Hours before President Donald Trump ordered the U.S. military to attack Syria with cruise missiles, former Secretary of State Hillary Clinton called for such a strike to take place.
Speaking April 6 at the "Women in the World" summit in New York City, Clinton expressed her view that the U.S. should "take out" Syrian airfields.
"Assad has an air force, and that air force is the cause of most of these civilian deaths as we have seen over the years and as we saw again in the last few days," she said, according to CNN. "And I really believe that we should have and still should take out his air fields and prevent him from being able to use them to bomb innocent people and drop sarin gas on them."
Clinton's comments came two days after toxic gas was used to attack the Syrian province of Idlib, killing dozens of people and injuring hundreds. The U.S. has blamed the attack on the forces of Syrian President Bashar al-Assad, while the Syrian and Russian governments say the gas was released after an airstrike hit a chemical weapons factory owned by the rebels.
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"I still believe we should have done a no-fly zone," Clinton added, reiterating what she said during the presidential election. "We should have been more willing to confront Assad."
Hours later, more than 50 tomahawk cruise missiles struck a Syrian airbase. According to Trump, the base had been used to launch the chemical attack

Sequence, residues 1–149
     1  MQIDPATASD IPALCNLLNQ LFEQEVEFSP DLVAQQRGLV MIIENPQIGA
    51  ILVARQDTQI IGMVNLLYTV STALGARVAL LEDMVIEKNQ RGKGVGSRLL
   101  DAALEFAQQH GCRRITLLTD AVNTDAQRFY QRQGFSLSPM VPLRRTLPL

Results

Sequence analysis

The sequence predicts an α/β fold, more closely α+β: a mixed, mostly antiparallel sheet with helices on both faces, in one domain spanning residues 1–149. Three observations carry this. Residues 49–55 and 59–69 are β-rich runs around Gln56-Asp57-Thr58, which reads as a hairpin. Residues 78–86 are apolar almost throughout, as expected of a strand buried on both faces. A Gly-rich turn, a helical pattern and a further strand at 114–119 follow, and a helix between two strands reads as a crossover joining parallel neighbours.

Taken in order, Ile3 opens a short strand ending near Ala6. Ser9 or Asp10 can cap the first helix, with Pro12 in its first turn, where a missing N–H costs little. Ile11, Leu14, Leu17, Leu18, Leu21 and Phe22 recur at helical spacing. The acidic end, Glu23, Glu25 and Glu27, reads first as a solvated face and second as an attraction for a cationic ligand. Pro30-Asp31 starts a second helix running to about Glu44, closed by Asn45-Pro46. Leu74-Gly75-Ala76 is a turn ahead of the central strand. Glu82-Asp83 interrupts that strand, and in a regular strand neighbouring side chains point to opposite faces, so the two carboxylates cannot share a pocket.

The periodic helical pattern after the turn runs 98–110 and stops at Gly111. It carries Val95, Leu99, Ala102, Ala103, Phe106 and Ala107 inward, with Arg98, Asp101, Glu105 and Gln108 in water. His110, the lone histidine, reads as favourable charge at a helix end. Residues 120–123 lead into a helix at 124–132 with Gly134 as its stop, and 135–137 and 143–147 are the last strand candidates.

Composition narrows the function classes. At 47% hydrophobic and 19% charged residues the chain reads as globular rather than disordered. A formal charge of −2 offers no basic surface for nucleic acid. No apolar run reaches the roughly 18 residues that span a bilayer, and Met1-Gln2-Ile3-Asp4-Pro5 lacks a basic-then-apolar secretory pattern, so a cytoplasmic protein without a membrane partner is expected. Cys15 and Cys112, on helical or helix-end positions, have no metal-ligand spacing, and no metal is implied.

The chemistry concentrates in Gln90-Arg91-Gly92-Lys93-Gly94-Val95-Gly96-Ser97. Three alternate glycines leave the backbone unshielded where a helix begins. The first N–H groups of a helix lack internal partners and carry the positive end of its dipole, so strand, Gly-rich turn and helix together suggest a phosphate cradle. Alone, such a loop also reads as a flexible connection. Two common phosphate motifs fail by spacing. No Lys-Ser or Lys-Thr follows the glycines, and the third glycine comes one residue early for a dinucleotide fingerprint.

"It was a slow and brutal death for so many," Trump said of the gassing, according to Politico. "Even beautiful babies were cruelly murdered in this very barbaric attack. No child of God should ever suffer such horror."
Trump's unilateral military action was condemned by Russia as an act of "aggression."
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"President [Vladimir] Putin views the U.S. strikes on Syria as aggression against a sovereign state in violation of the norms of international law and on a made-up up pretext," the Kremlin said in a statement, according to Reuters. "This step by Washington will inflict major damage on U.S.-Russia ties."
The Syrian government announced that it would respond to the attack by stepping up its efforts against the rebels.
"This aggression has increased Syria's resolve to hit those terrorist agents, to continue to crush them, and to raise the pace of action to that end wherever they are," Assad's office said in a statement.
Meanwhile, the U.S. State Department emphasized that the cruise missile strike did not signify a major shift in U.S. policy or an escalation of the conflict.
"This clearly indicates the president is willing to take decisive action when called for," Secretary of State Rex Tillerson said. "I would not in any way attempt to extrapolate that to a change in our policy or our posture relative to our military activities in Syria today. There has been no change in that status."